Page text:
Company E, 2/24 conducts Census Ops
SAQLAWIYAH, Iraq (Feb. 14, 2008) -- Getting to know the family living next door can sometimes be a challenge, but Marines of Company E, 2nd Battalion, 24th Marine Regiment, Regimental Combat Team 1, patrolled through the streets of Saqlawiyah Feb. 12, introducing themselves as the new ‘family’ next door.
Submitted by: 1st Marine Division
Story by: Computed Name: Pfc. Jerry Murphy
Story Identification #: 20082158524
The battalion, also known as “Mayhem from the Midwest,” recently stepped on-deck in Iraq, and is introducing themselves to the people in the area who they will be helping during the next seven months.
“We do census’ to get a feel for who is living in the area and where they live,” said Sgt. Josh K. Bloomquist, a squad leader with 1st Platoon, Company E. “It also helps us put our face out there so that the (Iraqis) know who we are and that we want to help them. It becomes personal, like we’re their neighbors.”
Much like the Census Bureau does in America, the Marines went door-to-door, speaking to the head of the household and introducing themselves to the community. It is an exhausting, time-consuming project, but the Marines are determined to get to know the Iraqis who they will be sharing the streets with during their deployment.
“This helps us figure out who belongs here and who doesn’t,” said Bloomquist, a resident of Omaha, Neb. “If we hear a name, we don’t need to worry about who they are or where they live. It takes time and a lot of work, but it will ultimately help us.”
The information gathered on these census patrols is not only designed to help the Marines, but it will eventually be used and tracked by the Iraqi Government.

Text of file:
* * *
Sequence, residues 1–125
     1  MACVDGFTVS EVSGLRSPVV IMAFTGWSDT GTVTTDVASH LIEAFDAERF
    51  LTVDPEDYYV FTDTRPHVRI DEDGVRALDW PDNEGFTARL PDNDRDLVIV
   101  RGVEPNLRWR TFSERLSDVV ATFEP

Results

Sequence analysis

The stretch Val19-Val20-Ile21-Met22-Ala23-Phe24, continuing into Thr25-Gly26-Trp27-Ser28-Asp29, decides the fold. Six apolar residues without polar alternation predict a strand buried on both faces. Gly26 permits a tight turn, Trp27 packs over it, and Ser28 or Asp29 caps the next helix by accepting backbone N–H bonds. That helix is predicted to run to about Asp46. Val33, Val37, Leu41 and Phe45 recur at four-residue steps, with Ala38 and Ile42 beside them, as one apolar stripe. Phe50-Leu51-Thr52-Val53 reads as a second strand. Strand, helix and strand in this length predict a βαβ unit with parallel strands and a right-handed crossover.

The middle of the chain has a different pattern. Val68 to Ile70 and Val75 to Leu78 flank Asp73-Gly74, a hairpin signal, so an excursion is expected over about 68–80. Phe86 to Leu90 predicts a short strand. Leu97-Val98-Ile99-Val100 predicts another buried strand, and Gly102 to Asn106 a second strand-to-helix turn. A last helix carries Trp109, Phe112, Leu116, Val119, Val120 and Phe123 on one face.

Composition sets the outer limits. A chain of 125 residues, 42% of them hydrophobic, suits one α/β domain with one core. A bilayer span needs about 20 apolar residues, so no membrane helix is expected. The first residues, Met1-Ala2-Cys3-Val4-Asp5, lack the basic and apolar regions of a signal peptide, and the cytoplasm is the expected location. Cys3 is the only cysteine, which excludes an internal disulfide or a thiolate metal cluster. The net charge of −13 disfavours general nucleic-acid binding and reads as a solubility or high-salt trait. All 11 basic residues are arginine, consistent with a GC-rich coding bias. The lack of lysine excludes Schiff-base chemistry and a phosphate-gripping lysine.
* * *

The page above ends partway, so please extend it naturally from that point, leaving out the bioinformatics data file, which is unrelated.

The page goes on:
“We’re here to help this country get back on its feet,” said HM2 Adam F. Kinney, a 41-year-old Hospital Corpsman from Elizabethtown, Ky. “Eventually we can turn the paperwork over to the Iraqis; give everything back to them.”
During the census patrols, the Marines are accompanied by an Iraqi interpreter who helps interview the families that do not speak English.
“We go so that we can translate everything the Marines say,” said Moe, an interpreter with Company E. “(The Iraqis) feel comfortable with us being there. It helps us get all the information we need.”
With the help of Moe, Bloomquist asked one man if there was anything the Marines could do to help his family. The man mentioned that his brother was very sick and wanted to know if anything could be done to help him. Bloomquist jumped on the opportunity to help the man and immediately called the platoon Corpsman over the radio.
“His brother was very sick and there wasn’t a whole lot I could do right then and there, but we relayed it to our command and they have already set up an appointment to help him,” said Kinney, who is an attorney when not either deployed or drilling with the Reserve
Battalion. “With us setting up (the appointment) so fast, it shows how much we care about the Iraqis and how much we want to help. That is why we’re here; to help them, not hurt them.”
The Marines finished their patrol with a sense of accomplishment, knowing that they had shown their face to the community and helped a family in need.
“We did a good job today introducing ourselves to the people,” Bloomquist said. “They really seem like they are warming up to us and want to help us as much as we want to help them.”